The Copyright Toolkit for Manitoba Post-Secondary Institutions was conceived and created by Sasha (at the time, Sasha was with the University College of the North) and course author Josh Seeland, Manager of Library Services at Assiniboine Community College (ACC). The kit was developed by Assiniboine Community College and University College of the North in partnership with Campus Manitoba, and a supplemental animated video for the module was created by Michelle Henriquez and Alyssa Jansen, former ACC students.

“Ideally, this is the first step for a potentially larger project around the topic of copyright for post-secondary education,” shared Josh. “For many of us, the primary reason to think about copyright was when something terrible happened, or we were concerned about challenges for our institutions. With other resources, the information about copyright is almost overly detailed as far as legalities, with few practical takeaways. Our goal with this toolkit was to use our backgrounds and experiences with copyright to make the topic more accessible — and a little less scary — for everyone.”

The OER provides actionable steps to clarify the significance of copyright literacy in a post-secondary context, help readers discern between protected and non-protected works based on the Canada Copyright Act, allow for compliant activities within Canadian copyright law, and suggest proactive ways to engage with copyright at their institutions.

“For most of the people involved in this project, we had learned about copyright in our positions to explain it to the stakeholders at our respective institutions so they could make decisions regarding copyright on their own,” shared Josh. “What was missing, for us, was the ability to bounce ideas off other people with similar experiences and understanding of the topic. Large institutions, like the University of Manitoba, have a designated Copyright Office with highly trained people. Places like Simon Fraser University, University Alberta, and other U15 universities throughout Canada have this kind of resource, but for most of us in Manitoba, there’s often only one person trained for it. Our goal was to make this toolkit accessible, empowering people by sharing much-needed knowledge without drowning them in the potentially terrifying parts of copyright.”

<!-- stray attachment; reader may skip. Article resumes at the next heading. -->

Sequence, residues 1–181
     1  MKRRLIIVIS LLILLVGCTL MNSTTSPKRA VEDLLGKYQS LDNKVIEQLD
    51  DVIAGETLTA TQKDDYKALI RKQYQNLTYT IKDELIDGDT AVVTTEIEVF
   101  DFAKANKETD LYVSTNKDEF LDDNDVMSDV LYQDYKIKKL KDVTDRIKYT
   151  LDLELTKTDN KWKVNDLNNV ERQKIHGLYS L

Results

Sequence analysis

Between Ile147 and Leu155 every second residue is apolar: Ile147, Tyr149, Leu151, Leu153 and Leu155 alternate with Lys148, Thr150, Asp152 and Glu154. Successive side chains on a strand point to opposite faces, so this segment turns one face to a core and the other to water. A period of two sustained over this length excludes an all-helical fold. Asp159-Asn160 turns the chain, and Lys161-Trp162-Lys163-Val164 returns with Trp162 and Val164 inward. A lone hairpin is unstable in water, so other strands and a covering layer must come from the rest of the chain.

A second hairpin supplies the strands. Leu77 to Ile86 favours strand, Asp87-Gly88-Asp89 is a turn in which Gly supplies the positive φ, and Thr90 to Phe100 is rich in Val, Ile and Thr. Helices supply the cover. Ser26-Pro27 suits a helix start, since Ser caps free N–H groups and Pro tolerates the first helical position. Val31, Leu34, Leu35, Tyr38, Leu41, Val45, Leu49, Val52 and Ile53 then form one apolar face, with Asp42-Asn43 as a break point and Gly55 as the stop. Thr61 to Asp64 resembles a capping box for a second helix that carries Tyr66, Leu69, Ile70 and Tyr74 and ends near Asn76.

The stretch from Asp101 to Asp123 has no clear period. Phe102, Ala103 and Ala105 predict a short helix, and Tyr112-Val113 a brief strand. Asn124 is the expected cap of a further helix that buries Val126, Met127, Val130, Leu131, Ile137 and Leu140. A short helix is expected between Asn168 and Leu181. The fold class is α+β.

Passing the Torch

This OER toolkit covers the initial module of the CARL Copyright resource, but other modules could benefit from a similar approach. “This is the first module of a series adapted from CARL,” said Sasha. “I hope the resource we’ve created paves the way for other institutions to collaborate on future modules, building on what we’ve started and furthering the awareness and understanding of copyright for everyone within the post-secondary sector of Manitoba and the rest of the country.”